Part 4 – Planning Your Trip
As you are planning, make sure you are doing your homework. There are a lot of websites out there that offer deals and discounts. Sometimes it is cheaper to package your vacation, buying hotel, car rental, plane tickets and theme park tickets together. Sometimes it is cheaper to get them all separately. Here are some places to go to find deals, packages and discounts:
Disneyland Website – Get your hotel, park tickets, rental car…even plane tickets. Disney always has some sort of deal going. Figure out if it’s right for you and the cheapest way to go.
Mousesavers – Shows loads of deals and packages.
Alaska Airlines – Sometimes they run their Kids Fly Free to the Disneyland Resort deal, which is great. Other times they run hotel, theme park or plane ticket discounts.
Expedia – Sometimes your best bet is an on line travel deal site.
Costco – Costco offers discounts and packages to members, sometimes including a free Character Meal, photo book or Disney Gift Card.
Check out more ways to find deals and save money HERE.
2. Ramp up the excitement
- Watch Disney movies.
- Make a countdown chain.
- Have a special “Disney Fund” jar to save money for special dinners, experiences or souvenirs.
- Help your kids make a special “First time at Disneyland” shirt to wear their first day.
- Get a Disney coloring book/puzzle book/story book.
- Read Trip Reports. They can be found at DIS Boards, Passporter Boards or Mouse Planet.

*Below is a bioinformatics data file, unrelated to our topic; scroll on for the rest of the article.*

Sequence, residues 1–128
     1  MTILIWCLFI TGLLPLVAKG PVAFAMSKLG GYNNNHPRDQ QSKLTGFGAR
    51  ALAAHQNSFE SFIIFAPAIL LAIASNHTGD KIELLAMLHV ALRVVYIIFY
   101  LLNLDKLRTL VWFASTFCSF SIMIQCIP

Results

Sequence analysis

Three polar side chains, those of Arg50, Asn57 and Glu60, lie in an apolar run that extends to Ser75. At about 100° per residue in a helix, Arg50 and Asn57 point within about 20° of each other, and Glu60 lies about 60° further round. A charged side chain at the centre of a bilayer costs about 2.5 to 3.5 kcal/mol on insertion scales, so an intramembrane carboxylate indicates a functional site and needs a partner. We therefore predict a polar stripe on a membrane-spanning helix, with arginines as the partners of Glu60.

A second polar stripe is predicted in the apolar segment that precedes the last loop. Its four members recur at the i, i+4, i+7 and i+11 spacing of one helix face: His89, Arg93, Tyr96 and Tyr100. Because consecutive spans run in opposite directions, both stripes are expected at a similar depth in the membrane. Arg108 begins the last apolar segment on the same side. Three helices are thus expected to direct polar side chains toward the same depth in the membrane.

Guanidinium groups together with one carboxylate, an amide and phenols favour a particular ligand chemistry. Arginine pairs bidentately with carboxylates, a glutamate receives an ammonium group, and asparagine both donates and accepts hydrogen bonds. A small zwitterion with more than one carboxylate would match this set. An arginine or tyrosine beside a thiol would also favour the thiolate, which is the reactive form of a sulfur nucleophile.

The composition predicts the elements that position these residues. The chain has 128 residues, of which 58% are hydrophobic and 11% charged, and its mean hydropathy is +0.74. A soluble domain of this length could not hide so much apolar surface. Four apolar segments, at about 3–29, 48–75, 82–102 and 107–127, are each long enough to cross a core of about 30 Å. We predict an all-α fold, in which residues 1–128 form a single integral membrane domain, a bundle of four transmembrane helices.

- Go to the Disneyland website. Look around at the attractions, entertainment and dining options. Let your kids make a “Must Do/See/Ride” list. Let them each choose one ride as their “Must-ride-can’t-miss-it-have-to-see-it” ride that you’ll make sure to ride. Each kid will feel special if they have chosen a particular ride that is important to them.
- Get the free Disneyland Planning DVD. It will help you plan and get your kids excited.
3. Planning books and Guidebooks
Passporter Disneyland – best planning book out there
Destination Disneyland Resort with Disabilities – Great resource for traveling with folks with special needs.
You can also get special planning books for your kids (or make one yourself). Great books for kids are Birnbaum’s Disneyland, Hidden Mickeys, Lots To Do In Line and Passporter’s Disney Character Yearbook.
4. Know crowd levels
Crowd levels change drastically throughout the year. Your experience will be much different in January than it would be in July. Crowd levels usually determine ticket, hotel and food prices also. High season means there are more crowds and it is more expensive. Check the seasonal rates and crowd expectations before you book. If possible, you may want to change your dates. Even a week earlier or later could change your experience drastically.